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HOLDING: Reversed and remanded. REASONING: According to the court, a mere breach of contract claim is not actionable under the DTPA. e distinction “between a DTPA violation and a breach of contract claim, properly lies when an alternative interpretation of the contract is asserted, and the dispute arises out of the performance of the contract.” e court stated that “in such a case the DTPA is not violated, and the legal rights of the parties are governed by traditional contract principles.”

  • e court held that Life Partners’ interpretation of the

contract was not reasonable and the language in the contract was

not ambiguous. Life Partners used two different terms, “fees” and “costs,” in the course of describing the purchaser’s financial obligations. e contract’s plain language expressly stated that the “PURCHASER will not incur costs of any type” and does not limit “costs” to fees for Life Partners’ services. e court stated that when called upon to interpret a contract, it will give plain meaning to the words used in the writing, and that language may be given a certain and definite meaning that is not ambiguous. Because the language had a plain meaning, the State’s DTPA claim was actionable.




Carrizales v. State Farm Lloyds, 518 F.3d 343 (5th Cir. 2008).

facts: Javier and Eva Carrizales held a standardized homeowners insurance policy (“Form B”) issued by State Farm. ey filed a claim for damages resulting from a plumbing leak in their garage. State Farm paid for the claim plus additional living expenses. e Carrizaleses later submitted three mold remediation claims which State Farm denied.

  • e Carrizaleses sued State Farm for alleged violations of

the insurance code, breach of the insurance contract, and breach of the duty of good faith and fair dealing. e court granted State Farm summary judgment, concluding that Form B did not extend coverage to a dwelling for damage caused by mold. Because of the summary judgment ruling, when the case proceeded to trial, evidence of the mold damage was excluded. e jury found for State Farm.

On appeal the Carrizaleses argued that the interaction of two provisions in Form B, the mold exclusion and the exclusion repeal provision, was such that it was ambiguous as to whether Form B covered mold damage to a dwelling caused by a plumbing leak. Carrizaleses also challenged the jury instruction arguing that their duty to mitigate damages was not a condition precedent to recovery, but an issue for the jury to consider in determining the amount of damage to award. Holding: Affirmed. Reasoning: e court agreed that Form B did not cover mold damage to a dwelling resulting from a plumbing leak. Form B specifically divided coverage into two distinct subdivisions: A and B. Coverage A insured all risks to the dwelling except those which were excluded within Section I. Damage resulting from mold was excluded from coverage in 1.f of Section I. Coverage B insured personal property against certain, enumerated perils, not excluded by Section I. Damage from plumbing leaks was listed as a covered peril in the ninth subsection of Coverage B (“Section 9”).

Section 9 also includes the exclusion repeal provision which provided that “exclusions 1.a through 1.h under [Section I] do not apply to loss caused by this peril.” According to the court, the location of the exclusion repeal provision within the text of Form B implied that the mold exclusion was only repealed


in regard to a loss insured by Section 9 of Coverage B. Stated another way, the mold exclusion was repealed for plumbing leaks resulting in loss of personal property, not damage to a dwelling.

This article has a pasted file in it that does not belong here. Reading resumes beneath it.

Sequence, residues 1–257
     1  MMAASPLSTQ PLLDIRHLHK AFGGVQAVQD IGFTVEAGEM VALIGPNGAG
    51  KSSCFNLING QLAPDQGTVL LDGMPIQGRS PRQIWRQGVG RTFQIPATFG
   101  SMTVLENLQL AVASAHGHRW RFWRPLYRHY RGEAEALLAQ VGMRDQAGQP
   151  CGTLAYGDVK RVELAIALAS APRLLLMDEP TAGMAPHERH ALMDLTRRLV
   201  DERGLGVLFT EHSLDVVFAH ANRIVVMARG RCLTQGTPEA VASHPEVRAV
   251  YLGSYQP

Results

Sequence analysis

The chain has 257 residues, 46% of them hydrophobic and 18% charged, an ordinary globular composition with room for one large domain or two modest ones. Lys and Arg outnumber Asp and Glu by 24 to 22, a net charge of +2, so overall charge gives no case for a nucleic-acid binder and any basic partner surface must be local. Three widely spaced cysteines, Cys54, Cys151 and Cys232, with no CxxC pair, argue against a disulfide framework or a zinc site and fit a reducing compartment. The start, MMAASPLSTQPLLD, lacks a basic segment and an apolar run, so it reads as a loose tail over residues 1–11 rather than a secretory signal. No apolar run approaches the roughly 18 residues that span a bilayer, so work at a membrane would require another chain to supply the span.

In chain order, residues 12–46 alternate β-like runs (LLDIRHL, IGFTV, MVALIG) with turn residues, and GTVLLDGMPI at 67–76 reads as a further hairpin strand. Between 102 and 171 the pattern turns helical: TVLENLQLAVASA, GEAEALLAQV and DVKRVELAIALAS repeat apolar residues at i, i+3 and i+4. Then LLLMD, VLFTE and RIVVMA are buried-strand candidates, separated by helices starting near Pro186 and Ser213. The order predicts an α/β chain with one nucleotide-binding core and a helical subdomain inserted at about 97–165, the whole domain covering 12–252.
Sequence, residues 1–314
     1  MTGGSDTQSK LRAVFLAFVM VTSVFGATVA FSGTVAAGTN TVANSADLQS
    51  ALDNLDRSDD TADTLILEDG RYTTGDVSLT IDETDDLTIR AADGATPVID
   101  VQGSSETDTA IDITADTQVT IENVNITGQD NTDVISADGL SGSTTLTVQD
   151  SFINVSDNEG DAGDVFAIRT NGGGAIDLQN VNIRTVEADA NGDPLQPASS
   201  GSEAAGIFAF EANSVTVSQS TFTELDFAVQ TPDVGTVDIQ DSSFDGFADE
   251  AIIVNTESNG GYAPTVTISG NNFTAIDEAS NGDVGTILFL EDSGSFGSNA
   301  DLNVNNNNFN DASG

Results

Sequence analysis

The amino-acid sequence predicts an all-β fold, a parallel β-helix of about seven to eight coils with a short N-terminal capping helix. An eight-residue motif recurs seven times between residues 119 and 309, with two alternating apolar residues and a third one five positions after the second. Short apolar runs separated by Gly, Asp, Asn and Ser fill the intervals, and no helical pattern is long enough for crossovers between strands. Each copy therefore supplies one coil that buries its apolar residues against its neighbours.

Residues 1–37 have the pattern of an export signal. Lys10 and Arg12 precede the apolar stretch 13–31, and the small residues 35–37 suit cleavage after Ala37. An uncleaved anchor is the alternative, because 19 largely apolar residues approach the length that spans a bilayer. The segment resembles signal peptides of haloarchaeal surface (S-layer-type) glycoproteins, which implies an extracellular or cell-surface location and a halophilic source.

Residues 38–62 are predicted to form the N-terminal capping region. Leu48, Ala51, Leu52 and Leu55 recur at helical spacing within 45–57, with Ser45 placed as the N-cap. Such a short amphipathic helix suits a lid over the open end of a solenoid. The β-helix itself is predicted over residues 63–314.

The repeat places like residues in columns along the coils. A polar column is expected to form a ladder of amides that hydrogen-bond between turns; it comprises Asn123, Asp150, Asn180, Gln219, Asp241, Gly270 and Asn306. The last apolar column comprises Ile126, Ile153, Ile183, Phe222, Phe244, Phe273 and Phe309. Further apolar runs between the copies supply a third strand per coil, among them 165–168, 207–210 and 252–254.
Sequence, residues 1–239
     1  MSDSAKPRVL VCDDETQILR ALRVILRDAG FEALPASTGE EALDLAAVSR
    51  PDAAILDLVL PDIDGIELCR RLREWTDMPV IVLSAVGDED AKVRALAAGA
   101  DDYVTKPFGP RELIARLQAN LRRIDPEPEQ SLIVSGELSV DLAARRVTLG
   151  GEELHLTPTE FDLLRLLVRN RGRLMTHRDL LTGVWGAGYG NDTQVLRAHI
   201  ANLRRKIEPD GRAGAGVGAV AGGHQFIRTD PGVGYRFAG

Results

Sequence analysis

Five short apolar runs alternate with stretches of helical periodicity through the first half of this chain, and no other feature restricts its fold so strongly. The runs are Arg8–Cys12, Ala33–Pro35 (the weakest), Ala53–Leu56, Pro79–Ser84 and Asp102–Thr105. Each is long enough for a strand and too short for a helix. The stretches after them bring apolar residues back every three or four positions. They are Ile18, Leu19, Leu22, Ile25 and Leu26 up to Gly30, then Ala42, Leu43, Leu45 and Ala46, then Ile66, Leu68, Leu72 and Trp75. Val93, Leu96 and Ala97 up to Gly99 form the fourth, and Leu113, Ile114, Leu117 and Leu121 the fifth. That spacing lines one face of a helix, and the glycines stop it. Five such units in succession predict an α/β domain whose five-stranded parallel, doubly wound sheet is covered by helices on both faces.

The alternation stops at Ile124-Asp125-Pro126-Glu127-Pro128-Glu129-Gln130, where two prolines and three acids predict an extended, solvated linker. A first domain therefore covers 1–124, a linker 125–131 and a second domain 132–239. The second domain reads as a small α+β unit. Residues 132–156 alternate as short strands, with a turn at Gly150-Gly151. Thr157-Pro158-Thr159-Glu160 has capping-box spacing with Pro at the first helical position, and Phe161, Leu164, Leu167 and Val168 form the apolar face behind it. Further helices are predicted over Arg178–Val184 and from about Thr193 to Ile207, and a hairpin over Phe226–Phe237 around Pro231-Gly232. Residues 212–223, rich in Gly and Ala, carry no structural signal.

Additionally, the court stated that in Texas, Form B did not cover mold damage to a dwelling resulting from a plumbing leak because ruling otherwise would eviscerate the mold exclusion entirely. e court based its conclusion on an answer to a certified question that was received in a previous case, Fiess v. State Farm Lloyds, 202 S.W.3d 744 (Tex. 2006). e Texas Supreme Court had been asked in Fiess whether mold damage was covered under Form B when it occurred as a result of water damage that was otherwise covered. e Court answered that mold damage was not covered under Form B. In general, the duty to mitigate damages is an equitable doctrine, allowing for a reduction in the amount of damages, not an affirmative defense. e Fifth Circuit looked to various sources to inform itself on the duty to mitigate damages. e court found that in general, the duty to mitigate damages is an equitable doctrine, allowing for reduction in a

the amount of damages, not an affirmative defense. e Texas Rules of Civil Procedure does not list mitigation of damages as an affirmative defense that must be pled.

  • e court found that while the policy language firmly

required insureds to take certain steps as “Duties After Loss” the policy did not expressly render these “conditions” as prerequisites to recovery. Consequently, Texas courts have concluded some “Duties After Loss” are conditions precedent while others are not. e duty to provide notice has been held to be a condition precedent to recovery so long as the insurer is prejudiced by the insured’s breach of the duty.

According to the court, holding that the breach of the duty to mitigate constitutes an affirmative defense would be contrary to the Texas court decisions finding conditions precedent only when the insurer is prejudiced. e court stated that an offset to any award of damages based on failure to mitigate is more analogous to the “prejudice” bar. e court found barring all recovery for failure to mitigate would be an onerous consequence upon the insured that did not conform with the rule that ambiguous policy provisions are construed in favor of the insured.

Journal of Texas Consumer Law

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